00:09:52   and not necessarily as attentive, maybe,

00:09:55   is the right word.

00:09:57   And so instead, I use TextExpander

00:09:59   to create a meta language or vocabulary for how I do support

00:10:05   and the phrases I use a lot.

00:10:07   And you're certainly going to end up

00:10:09   with a little bit of a formulae process to this,

00:10:12   but it lets you be much more customized.

00:10:17   So say, for example, if I type "sorry,"

00:10:19   text expander expands that string out into,

00:10:24   "I'm so sorry you're having this issue,"

00:10:28   which is a phrase I use whenever someone's having a problem,

00:10:31   that's often how I'll start it.

00:10:33   It'll be like, "Joe, I'm so sorry you're having this issue,"

00:10:35   space.

00:10:38   And then I'll usually actually type in what the response is,

00:10:40   but it lets me save a lot of time when I just expand "sorry" that way.

00:10:44   And I'll build these up. I have a whole array of them for different issues.

00:10:48   Someone who says, "Oh, how do I switch from metric to Fahrenheit?"

00:10:52   or something like that. And it allows me to just pop those in,

00:10:56   but I'm building it dynamically and responsibly to the user.

00:11:00   So it actually makes sense, and all I'm doing is saving myself repeated work.

00:11:04   And they're so easy to create, these little TextExpander snippets.

00:11:08   I've written a sentence more than once.

00:11:13   I'll grab that sentence, throw it in the TextExpander bucket,

00:11:15   and then I can just reuse it over and over.

00:11:18   Also, nice thing, TextExpander snippets are shareable.

00:11:21   They're just, you can pass them around.

00:11:24   So I have someone else who does Help Desk for me.

00:11:25   And I got a question from a couple of people

00:11:28   about how I found that person.

00:11:30   It's just, find someone who you, a friend who you trust,

00:11:31   who's looking for a little part-time work.

00:11:34   That's really it.

00:11:36   That's all I can say.

00:11:36   That's how I've done it.

00:11:33   people who do the same thing.

00:11:38   Because it's a fairly simple job,

00:11:39   you're just trying to find someone who's really responsible

00:11:41   and who you probably know.

00:11:44   You could do it kind of outsourcy style,

00:11:46   but my gut says, "That's not something you want to do

00:11:48   for something that's as important as interacting

00:11:50   with your customers."

00:11:52   Anyway, so I can pass those back and forth

00:11:54   between me and Jess, who does this for me.

00:11:56   And so we can pass those around and build up

00:11:59   this vocabulary for how we communicate with our users.

00:12:00   And sometimes I will build a full canned response form

00:12:03   letter in there.

00:12:04   Like every now and then, there'll be something that is

00:12:07   just a pervasive message I'm getting.

00:12:09   I had one with an outage where I just had a server outage.

00:12:13   And everyone was emailing saying, hey, it doesn't work.

00:12:15   There's a server outage.

00:12:15   And so I had my little canned response.

00:12:17   And so I just said, server error colon.

00:12:19   And it popped it up.

00:12:21   And I could have used Google canned responses.

00:12:24   But what this allows me to do, once I build this vocabulary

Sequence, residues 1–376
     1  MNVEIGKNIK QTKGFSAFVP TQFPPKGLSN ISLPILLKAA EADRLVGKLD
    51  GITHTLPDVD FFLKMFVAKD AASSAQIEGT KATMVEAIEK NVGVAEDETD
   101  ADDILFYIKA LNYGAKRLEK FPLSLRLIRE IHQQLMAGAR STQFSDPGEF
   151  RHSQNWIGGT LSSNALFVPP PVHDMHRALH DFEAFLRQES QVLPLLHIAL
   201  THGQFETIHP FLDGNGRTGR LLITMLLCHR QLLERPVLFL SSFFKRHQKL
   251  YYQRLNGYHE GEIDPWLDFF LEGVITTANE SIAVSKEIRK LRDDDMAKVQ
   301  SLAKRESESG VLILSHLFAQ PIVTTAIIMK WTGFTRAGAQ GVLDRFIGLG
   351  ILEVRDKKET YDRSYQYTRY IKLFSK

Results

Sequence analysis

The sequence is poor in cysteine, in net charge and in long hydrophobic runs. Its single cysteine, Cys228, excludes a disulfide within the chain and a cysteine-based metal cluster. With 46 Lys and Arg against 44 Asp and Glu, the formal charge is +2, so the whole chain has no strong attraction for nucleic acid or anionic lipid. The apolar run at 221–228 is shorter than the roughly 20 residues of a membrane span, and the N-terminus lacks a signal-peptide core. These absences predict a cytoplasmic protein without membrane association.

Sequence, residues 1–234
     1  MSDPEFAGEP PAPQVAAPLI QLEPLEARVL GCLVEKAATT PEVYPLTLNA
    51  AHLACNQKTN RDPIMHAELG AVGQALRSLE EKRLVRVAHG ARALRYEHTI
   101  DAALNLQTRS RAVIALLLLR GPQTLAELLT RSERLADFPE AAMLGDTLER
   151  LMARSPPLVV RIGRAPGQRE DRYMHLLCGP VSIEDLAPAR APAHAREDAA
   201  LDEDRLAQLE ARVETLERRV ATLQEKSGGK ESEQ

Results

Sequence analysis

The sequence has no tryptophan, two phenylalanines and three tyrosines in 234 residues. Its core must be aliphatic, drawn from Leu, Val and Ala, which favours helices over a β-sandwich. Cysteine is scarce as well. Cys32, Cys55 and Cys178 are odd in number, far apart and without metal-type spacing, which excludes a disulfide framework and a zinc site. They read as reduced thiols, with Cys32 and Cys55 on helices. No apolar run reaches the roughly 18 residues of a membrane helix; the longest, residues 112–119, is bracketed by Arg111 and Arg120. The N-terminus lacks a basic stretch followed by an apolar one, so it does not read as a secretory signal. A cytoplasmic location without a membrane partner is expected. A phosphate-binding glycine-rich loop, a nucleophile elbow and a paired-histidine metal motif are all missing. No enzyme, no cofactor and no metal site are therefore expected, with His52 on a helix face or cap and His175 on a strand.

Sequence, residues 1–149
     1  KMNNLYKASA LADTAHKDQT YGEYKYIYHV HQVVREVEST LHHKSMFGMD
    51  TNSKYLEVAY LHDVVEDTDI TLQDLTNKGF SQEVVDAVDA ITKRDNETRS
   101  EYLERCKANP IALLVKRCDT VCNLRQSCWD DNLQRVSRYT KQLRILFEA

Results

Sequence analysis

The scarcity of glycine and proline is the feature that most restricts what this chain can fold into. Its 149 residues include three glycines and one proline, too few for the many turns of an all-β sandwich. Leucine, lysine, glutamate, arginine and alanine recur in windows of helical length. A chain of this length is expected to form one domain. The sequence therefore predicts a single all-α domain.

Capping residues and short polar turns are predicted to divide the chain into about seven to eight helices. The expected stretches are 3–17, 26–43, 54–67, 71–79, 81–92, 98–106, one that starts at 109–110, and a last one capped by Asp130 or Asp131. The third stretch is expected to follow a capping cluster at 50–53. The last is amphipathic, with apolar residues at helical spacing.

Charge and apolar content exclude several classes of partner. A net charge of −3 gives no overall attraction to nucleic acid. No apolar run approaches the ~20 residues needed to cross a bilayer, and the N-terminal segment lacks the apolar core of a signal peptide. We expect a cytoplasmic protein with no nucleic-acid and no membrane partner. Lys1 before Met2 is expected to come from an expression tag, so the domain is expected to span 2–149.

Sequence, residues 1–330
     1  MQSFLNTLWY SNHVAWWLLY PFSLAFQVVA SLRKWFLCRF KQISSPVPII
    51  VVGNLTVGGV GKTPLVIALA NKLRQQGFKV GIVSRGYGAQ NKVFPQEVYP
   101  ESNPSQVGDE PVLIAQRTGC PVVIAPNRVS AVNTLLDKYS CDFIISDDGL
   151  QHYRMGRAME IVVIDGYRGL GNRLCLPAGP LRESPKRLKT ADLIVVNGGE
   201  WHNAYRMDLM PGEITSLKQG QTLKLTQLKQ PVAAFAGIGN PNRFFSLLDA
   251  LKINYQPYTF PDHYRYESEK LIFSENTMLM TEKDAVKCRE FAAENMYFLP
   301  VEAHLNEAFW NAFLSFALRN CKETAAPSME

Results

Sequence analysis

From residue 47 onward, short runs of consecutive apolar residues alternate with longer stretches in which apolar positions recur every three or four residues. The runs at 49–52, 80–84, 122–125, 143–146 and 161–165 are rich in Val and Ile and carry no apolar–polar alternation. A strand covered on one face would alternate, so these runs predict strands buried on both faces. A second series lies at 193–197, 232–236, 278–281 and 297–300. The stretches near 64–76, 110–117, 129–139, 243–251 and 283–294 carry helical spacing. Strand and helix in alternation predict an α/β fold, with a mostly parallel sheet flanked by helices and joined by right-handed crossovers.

00:12:28   and I'm in and enabled those three settings in Google,

00:12:31   is I can do all of my help desk from the keyboard.

00:12:34   I never have to touch a mouse.

00:12:36   So the way I do it is I go in, and I typically actually

00:12:39   work newest to oldest, which may be a little counterintuitive.

00:12:42   But because I'm always emptying out the list when

00:12:47   I'm doing a session, it seems to work pretty well.

00:12:50   And what I really love is whenever someone sent me

00:12:52   an email and I can respond to them almost instantly,

00:12:55   I feel like that is a much stronger

00:12:57   positive than the person who emailed me say 24 hours ago,

00:13:01   they're getting their message 20 minutes early.

00:13:04   Or it doesn't really make nearly as much of an impact

00:13:07   as somebody who happened to have emailed me 5, 10 minutes ago.

00:13:10   They're getting a response right away.

00:13:12   So that's why I go top to bottom,

00:13:13   and I've set the auto advance to do the next oldest message.

00:13:17   So I'll sit down, I'll hit the top message,

00:13:19   and then it's all on the keyboard.

00:13:20   You hit, I think it's R in Gmail to reply to the message.

00:13:26   I'll do all my little text expander snippets

00:13:28   or type out whatever the message,

00:13:29   if it's a custom message.

00:13:31   Then you hit Tab Enter, which it will do send an archive,

00:13:34   load the next message, and you just keep going.

00:13:36   So it's R, message, message, message, Tab Enter, message,

00:13:41   and then R, Command S. You work your way through this very,

00:13:44   very quickly.

00:13:45   You want to make sure you know all the Google shortcuts.

00:13:47   So I think it's--

00:13:48   if you see that you can archive messages that are junk.

00:13:51   But you just kind of work through this.

00:13:53   And that's how I do Help Desk.

00:13:54   I found that I've had a very strongly positive response

00:13:58   to this kind of style because people just seem to feel

00:14:02   like I'm paying attention to them,

00:14:03   that it's not a lot of form letters.

00:14:05   Even though I'm using something like TextExpander

00:14:07   to save me time, every person's response is custom

00:14:11   to their problem and their issue.

00:14:12   And I'm tailoring the voice and the context to that.

00:14:17   And it doesn't take hardly any time for me.

00:14:19   I'm doing a message every few seconds, usually,

00:14:22   if I'm really in the flow of it.

00:14:23   and it lets me be responsive to my users.

00:14:26   So if any of that makes sense, if you have any questions, just let me know. I know it's a little bit fiddly

00:14:29   and a little bit hand-wavy to describe.

00:14:32   But as always, if you have questions, comments, concerns, I'm on Twitter

00:14:35   @_davidsmith. I'm on AppNet @davidsmith.

00:14:38   The Twitter feed for this show is @devperspective.

00:14:41   If you want to get a notification when any new shows come out.

00:14:45   Otherwise, that's it for today's show. Happy coding, and I'll talk to you later. Bye.